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Mourning Cloak Butterfly

Nymphalis antiopa

Mourning cloak butterflies may live for a year or so, longer than most butterflies.  The male will patrol a territory, chasing large insects and small birds as well as other butterflies.  The resident male mourning cloak comes to investigate any activity or new objects in my back yard.

Mourning Cloak, Nymphalis antiopaAlternately flying forth and back through adjacent yards and perching on exposed "guard posts", this male is protecting this slippery elm as his breeding territory.

Mourning Cloak, Nymphalis antiopaIf I stand in the open and hold a finger up, the patrolling male will frequently land on my finger, or on my head.  Here he is being introduced to a delighted grand daughter.

Mourning Cloak, Nymphalis antiopaOn the twig across the lower left of this picture are the empty egg cases from which this wiggly mass of mourning cloak caterpillars emerged a day or two before.  They are communal feeders.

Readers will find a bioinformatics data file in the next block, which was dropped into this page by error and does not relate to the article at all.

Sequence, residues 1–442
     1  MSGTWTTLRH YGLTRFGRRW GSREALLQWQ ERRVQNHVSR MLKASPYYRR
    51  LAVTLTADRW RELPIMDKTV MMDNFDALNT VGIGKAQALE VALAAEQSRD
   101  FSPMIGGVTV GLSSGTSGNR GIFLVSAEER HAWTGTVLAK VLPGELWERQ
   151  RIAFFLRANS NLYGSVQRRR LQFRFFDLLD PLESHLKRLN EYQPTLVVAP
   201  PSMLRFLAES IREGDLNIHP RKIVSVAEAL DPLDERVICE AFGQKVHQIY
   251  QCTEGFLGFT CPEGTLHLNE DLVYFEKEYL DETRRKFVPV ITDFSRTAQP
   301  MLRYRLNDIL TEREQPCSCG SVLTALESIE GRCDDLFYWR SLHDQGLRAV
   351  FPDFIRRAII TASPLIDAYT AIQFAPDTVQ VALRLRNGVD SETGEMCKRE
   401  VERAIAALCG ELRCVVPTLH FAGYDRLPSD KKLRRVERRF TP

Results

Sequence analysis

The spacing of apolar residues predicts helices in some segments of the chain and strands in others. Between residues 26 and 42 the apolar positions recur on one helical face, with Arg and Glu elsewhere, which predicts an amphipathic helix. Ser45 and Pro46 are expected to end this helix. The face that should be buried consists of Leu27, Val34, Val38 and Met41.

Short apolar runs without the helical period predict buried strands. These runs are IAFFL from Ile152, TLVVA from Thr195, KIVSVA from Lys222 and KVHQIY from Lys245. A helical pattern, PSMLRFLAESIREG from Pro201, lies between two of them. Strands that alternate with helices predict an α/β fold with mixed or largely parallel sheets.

Mourning Cloak, Nymphalis antiopaThe caterpillars build a communal web.  During their smaller stages they stay inside this protective tent.  Their droppings stuck to the web make it more visible (I should have used a different color background).

Mourning Cloak, Nymphalis antiopaAs they approach full size, the caterpillars separate into clumps of fewer individuals.  They remain in tight groups until they are ready to pupate.

Mourning Cloak, Nymphalis antiopaKey points for identifying the mourning cloak caterpillars are shown here.  Note the row of red dots along the back, and the red prolegs (most of the "legs" on a caterpillar).

Mourning Cloak, Nymphalis antiopaFinally each caterpillar crawls off to find a protected place to form its chrysalis.

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